The latest increase followed the rate being increased from £4,000 per student in 2019-20 to £4,542 per student in 2022-23. These increases have started to close the funding gap that opened up in 16-19 education funding between 2010 and 2020.
Funding for 16-19-year-olds fell by 14% in real terms between 2010-11 and 2014-15 (IFS briefing note) and 16-19 funding was only protected in cash terms between 2016 and 2020. This meant that total expenditure on 16-19 education fell by 21% in real terms between 2010-11 and 2017-18, while the funding allocated to 16-19 education fell by 17% in real terms between 2013-14 and 2018-19 (House of Common briefing paper). The Education Select Committee has estimated that across 16–19 education funding per student fell by a full 16% in real terms between 2010–11 and 2018–19.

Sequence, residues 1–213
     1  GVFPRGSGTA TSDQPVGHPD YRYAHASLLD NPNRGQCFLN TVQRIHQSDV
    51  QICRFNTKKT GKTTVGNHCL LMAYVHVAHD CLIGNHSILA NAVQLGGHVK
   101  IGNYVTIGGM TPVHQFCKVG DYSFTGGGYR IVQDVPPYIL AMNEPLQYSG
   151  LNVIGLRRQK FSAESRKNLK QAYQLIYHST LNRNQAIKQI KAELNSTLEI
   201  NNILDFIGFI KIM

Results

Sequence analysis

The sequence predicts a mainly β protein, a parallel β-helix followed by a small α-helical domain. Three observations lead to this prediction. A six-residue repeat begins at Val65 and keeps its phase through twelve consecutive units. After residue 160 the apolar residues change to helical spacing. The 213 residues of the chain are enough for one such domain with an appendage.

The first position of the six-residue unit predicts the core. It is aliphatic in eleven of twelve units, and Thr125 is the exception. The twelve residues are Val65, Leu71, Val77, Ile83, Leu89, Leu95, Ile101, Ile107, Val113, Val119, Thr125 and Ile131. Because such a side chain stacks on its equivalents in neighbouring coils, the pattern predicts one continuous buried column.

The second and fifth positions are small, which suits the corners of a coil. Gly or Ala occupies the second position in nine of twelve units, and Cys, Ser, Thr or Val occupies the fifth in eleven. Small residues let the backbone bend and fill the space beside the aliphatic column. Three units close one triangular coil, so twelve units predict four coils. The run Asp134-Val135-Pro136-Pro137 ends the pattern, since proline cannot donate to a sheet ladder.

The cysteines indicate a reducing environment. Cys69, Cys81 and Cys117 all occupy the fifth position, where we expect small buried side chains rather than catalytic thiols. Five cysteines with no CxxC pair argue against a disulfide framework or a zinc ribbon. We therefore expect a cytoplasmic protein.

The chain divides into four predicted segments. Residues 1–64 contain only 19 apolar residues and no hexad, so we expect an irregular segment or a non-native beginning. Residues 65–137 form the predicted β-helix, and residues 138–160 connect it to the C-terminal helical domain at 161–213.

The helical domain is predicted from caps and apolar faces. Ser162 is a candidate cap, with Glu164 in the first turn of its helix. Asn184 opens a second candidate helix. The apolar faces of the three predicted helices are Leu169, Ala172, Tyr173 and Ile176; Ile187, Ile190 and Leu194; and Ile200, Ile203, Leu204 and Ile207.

The view of the Institute for Fiscal Studies in 2017 was that, “16–18 education spending has clearly been the relative loser from education spending changes over the last 25 years. It experienced larger cuts in the 1990s than other sectors, smaller increases during the 2000s and is currently experiencing the largest cuts.”
The cuts before 2015 included the following:
- a new funding formula from 2013;
- the funding rate for students who are already aged 18 was cut by 17.5 % in 2014;
- entitlement funding for activities such as tutorials, enrichment activities and additional courses was reduced from 114 hours per year to 30 hours in 2011.
On top of these cuts, entitlements for young people aged 16-19 were removed. Education Maintenance Allowances for students from low-income households that totalled £560 million were replaced in 2011 with a new bursary scheme of £180 million.